Kathmandu (Nepali: काठमाडौं, काठमान्डु, Nepal Bhasa: यें) is the capital city of Nepal and the largest city in Nepal. The city is situated in Kathmandu Valley that also contains two other cities - Patan and Bhaktapur. The original inhabitants of Kathmandu are called Newars, who speak a language called Nepal Bhasa. However, Nepali is the lingua franca of the valley and the most widely spoken language. The city stands at an elevation of approximately 1,300m (4,265 ft) and is inhabited by about 1.5 million people. Kathmandu is located at 27°43′N, 85°22′E (27.71667, 85.36667).
The Kathmandu Valley may have been inhabited as early as 900 BC, but the oldest known objects in the valley date to a few hundred years BC. The earliest known inscription is dated 185 AD. The oldest firmly dated building in the earthquake-prone valley is almost 1,000 years old. It is said that the Buddha and his disciples spent some time in the area of present-day Patan in the 6th century BC, although there is no evidence for this. Four stupas around the city of Patan said to have been erected by Charumati, daughter of Ashoka the Great, a Mauryan king, in the 3rd century BC attest to the ancient history present within the valley. As with the tales of the Buddha's visit, there is no evidence supporting Ashoka's visit, but the stupas probably do date to that century. The Kirats are the first documented rulers of the Kathmandu Valley, the remains of their palace are said to be in Patan near Hiranyavarna Mahavihara (called "Patukodon"). The Licchavi Dynasty whose earliest inscriptions date back to 464 AD were the next rulers of the valley and had close ties with the Gupta Dynasty of India. The Malla Dynasty consisted of Newar rulers, who ruled Kathmandu Valley and the surrounding area from the 12th century till the 17th century when the Shah Dynasty under Prithvi Narayan Shah conquered the valley as he created present-day Nepal. Most of ancient Nepalese architecture present in Nepal today is from the Malla/Newar era.
The city of Kathmandu is named after a structure in Durbar Square called Kaasthamandap. In Sanskrit, Kaasth (काष्ठ) = "wood" and Mandap (मंडप/मण्डप) = "covered shelter." This unique temple, also known as Maru Satal, was built in 1596 A.D. by King Laxmi Narsingh Malla. The entire structure contains no iron nails or supports and is made entirely from wood. Legend has it that the timber used for this two story pagoda was obtained from a single tree.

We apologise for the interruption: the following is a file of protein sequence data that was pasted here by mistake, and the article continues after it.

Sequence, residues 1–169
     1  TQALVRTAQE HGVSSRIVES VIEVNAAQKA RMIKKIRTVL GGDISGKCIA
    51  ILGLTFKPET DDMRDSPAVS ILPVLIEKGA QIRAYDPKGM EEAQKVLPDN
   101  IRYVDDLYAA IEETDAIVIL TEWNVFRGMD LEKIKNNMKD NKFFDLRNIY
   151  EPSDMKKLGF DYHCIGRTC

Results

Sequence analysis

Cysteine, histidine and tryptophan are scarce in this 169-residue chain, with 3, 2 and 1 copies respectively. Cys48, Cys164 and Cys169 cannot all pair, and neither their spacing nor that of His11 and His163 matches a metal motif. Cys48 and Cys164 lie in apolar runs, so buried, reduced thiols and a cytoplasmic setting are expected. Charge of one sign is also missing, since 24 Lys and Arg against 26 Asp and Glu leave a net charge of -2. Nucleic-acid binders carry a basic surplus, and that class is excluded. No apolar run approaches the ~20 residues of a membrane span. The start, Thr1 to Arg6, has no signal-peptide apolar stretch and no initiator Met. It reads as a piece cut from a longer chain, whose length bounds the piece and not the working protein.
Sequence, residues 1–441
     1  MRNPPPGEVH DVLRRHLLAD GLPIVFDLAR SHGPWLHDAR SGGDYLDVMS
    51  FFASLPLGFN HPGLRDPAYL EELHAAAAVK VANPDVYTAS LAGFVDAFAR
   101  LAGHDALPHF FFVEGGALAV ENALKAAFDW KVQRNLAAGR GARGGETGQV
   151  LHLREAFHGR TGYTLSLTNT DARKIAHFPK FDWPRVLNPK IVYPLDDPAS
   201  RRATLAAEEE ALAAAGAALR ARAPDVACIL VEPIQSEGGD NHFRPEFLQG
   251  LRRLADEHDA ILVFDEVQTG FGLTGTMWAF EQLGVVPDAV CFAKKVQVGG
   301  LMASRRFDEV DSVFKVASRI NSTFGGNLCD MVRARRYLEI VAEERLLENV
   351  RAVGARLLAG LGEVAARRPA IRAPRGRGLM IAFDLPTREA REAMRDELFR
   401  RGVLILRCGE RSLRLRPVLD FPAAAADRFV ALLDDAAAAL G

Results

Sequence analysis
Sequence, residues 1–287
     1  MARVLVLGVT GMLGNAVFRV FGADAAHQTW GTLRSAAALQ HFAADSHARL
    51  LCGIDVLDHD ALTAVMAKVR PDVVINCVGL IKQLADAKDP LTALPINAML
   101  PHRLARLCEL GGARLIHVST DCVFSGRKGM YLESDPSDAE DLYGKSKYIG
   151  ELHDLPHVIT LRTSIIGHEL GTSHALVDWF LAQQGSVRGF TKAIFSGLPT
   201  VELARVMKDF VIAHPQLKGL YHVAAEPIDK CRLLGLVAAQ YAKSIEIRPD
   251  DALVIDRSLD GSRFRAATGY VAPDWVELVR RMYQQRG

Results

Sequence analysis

Kathmandu is also sometimes called "Kantipur". Newars, the native people of the Kathmandu valley use the original term from Nepal Bhasa, Yne.
The Kathmandu Valley consists of three primary cities: Kathmandu itself, Lalitpur and Bhaktapur. Lalitpur and Kathmandu run up right against each other (again, separated only by the Bagmati river), while Bhaktapur is set off much closer to the eastern foothills.
Kathmandu itself is home to most of the government offices, embassies, corporate houses, and the palace. The King's Palace stands right next to Thamel - the tourist hub of the country. Thamel consists of two parallel streets just to the west of the palace. It is home to different hotels, ranging from different stars. The palace is at the head of Durbar Marg, a street lined with various shops.
Most of the streets in Kathmandu are named from Nepal Bhasa, owing its origin to the rich Newari Culture and heritage.
The "old" city is noted for its many Buddhist and Hindu temples and palaces, most dating to the 17th century. Many of these landmarks have been damaged by earthquakes and pollution. This valley hosts an UNESCO World Heritage Sites composed by seven different Monument Zones: The centers of the three primary cities, Kathmandu Hanuman Dhoka, Patan and Bhaktapur, the two most important Buddhist stupas, Swayambhunath and Boudhanath and two famous Hindu shrines, Pashupatinath temple and Changu Narayan. Since 2003 the site has been inscribed in the World Heritage List as being "in danger" out of concern for the ongoing loss of authenticity and the outstanding universal value of the cultural property.
Kathmandu has been popular with western tourists since the 1960s when it became a key stop on the hippie trail, when Jho: Chhee (Nepal Bhasa, continuous house)(Freak Street) was the one of the main location. It is also the subject of a popular Bob Seger song for the same reason.
Tribhuvan International Airport is located about 6 km from the city center, offering domestic and international flights.